Grandma Mellie's Scrapbook
Copyright © 2001, Michael S. Cole, M.D.

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Sounds Of Long Ago

    There is a stillness of winter which no other season has and it gives us time to sit and meditate and recall memories of long ago.
    We long for Spring when we can hear the birds singing and watch the flowers grow.
    I think of life on the farm, when I was a girl, and the sounds I'd like to hear again.
    I want to hear the roosters crowing for daylight, hens cackling, and dogs barking.
    And what a thrill to hear the first peepers in the spring! Their singing always had a lonesome sound. I'd like to hear again the first whippoorwill. My grandma would say, "The first one who hears the whippoorwill has to get the summer's wood."
    I always liked the mournful song of the dove and the katydids chirping. The old timers always said it was three months until frost from the time the katydids were heard.
    I like to hear raindrops pattering on the roof, the wind and distant thunder. Sometimes the wind whistling around the corner reminds me of what my teacher would say when the wind would whistle around the old schoolhouse ... "Ask yourselves who's been mean today?" The wind would answer, "You-u-u!"
    Once more I'd like to hear the hounds chasing a fox in the early morning hours. And I'd like to hear my daddy whistling again as he went about his work.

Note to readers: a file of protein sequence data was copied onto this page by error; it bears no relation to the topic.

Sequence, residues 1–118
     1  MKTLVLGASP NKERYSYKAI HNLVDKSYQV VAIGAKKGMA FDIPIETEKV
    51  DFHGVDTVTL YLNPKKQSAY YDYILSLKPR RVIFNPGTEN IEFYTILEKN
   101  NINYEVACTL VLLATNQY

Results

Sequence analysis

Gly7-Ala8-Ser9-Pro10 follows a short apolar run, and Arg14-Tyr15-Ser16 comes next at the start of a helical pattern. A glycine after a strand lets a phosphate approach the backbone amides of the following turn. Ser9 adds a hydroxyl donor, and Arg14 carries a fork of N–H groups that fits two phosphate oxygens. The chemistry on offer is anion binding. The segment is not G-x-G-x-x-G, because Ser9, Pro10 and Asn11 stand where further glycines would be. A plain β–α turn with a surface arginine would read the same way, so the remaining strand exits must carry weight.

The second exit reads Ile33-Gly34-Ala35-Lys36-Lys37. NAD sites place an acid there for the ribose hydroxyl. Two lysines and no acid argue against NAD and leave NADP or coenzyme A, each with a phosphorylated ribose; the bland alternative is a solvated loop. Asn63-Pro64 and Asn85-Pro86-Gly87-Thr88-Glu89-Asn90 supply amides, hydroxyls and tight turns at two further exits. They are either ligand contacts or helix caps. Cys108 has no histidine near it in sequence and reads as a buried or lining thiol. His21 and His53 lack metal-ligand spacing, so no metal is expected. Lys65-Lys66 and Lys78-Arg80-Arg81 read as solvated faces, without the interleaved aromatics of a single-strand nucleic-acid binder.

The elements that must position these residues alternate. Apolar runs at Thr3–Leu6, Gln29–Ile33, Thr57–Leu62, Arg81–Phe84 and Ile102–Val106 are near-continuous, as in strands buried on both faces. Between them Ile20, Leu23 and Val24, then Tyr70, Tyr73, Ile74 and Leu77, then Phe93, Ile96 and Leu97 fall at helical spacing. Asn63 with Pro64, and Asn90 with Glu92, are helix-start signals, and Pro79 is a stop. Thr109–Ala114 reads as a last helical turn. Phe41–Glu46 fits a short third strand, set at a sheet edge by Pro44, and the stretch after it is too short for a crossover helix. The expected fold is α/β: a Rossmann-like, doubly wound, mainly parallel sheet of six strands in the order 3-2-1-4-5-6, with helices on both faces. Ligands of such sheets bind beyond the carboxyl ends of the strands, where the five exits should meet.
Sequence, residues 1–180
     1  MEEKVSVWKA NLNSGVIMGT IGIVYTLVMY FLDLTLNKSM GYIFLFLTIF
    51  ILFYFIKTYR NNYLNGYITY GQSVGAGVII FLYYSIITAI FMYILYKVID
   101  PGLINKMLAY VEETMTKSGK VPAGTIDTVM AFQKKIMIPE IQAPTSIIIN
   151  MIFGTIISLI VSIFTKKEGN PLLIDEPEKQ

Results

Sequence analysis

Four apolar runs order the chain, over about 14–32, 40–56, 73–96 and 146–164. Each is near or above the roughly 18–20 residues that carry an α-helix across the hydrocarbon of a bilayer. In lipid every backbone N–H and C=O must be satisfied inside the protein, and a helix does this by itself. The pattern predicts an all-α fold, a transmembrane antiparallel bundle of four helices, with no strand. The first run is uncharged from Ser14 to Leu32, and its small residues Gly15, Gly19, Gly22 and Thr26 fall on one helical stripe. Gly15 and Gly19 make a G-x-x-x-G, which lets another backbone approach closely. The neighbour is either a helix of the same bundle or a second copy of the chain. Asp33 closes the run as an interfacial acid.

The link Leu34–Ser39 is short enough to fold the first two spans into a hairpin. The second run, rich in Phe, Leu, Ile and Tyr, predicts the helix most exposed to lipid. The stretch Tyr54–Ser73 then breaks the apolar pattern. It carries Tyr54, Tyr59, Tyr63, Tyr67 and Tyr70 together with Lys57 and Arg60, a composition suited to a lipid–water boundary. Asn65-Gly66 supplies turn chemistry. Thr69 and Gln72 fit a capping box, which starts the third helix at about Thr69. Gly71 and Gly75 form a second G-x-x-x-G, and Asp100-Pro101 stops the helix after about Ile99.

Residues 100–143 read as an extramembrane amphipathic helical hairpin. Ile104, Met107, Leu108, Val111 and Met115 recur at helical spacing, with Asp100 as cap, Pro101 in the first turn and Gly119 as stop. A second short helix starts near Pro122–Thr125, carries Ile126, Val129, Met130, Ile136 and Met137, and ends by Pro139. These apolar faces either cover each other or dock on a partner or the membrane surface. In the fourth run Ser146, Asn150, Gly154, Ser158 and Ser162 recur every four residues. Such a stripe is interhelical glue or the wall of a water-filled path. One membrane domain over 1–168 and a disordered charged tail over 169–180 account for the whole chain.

How long has it been since you heard an echo? I would like to hear a boy I used to know go past yodeling.
    Seems one doesn't hear much whistling or honest laughter anymore or had you noticed?
    I'd also like to hear a train, pulled by a coal-burning engine, puffing up a grade. The railroad came through our farm and it was always a thrill to hear a train going by.
    I often wonder what the birds are saying when they sing their songs. Many years ago, Mr. McCanse, a contributor of "Over The Ozarks," asked what one thought about bird talk. It seems a little wren is saying, "I'm building me a sw-e-e-t little nest." When we planted corn, a redbird seemed to say, "Drop one, pick up two."
    A quail says, "Bob White, is your wheat ripe? No, not quite. Will it be tomorrow night? No, not quite."
    Perhaps if we all would live closer to nature, as we did when we were children, we would learn to listen and observe again. Our hearts would stay young and we would be closer to God.

Mellie Smith
March 2, 1970

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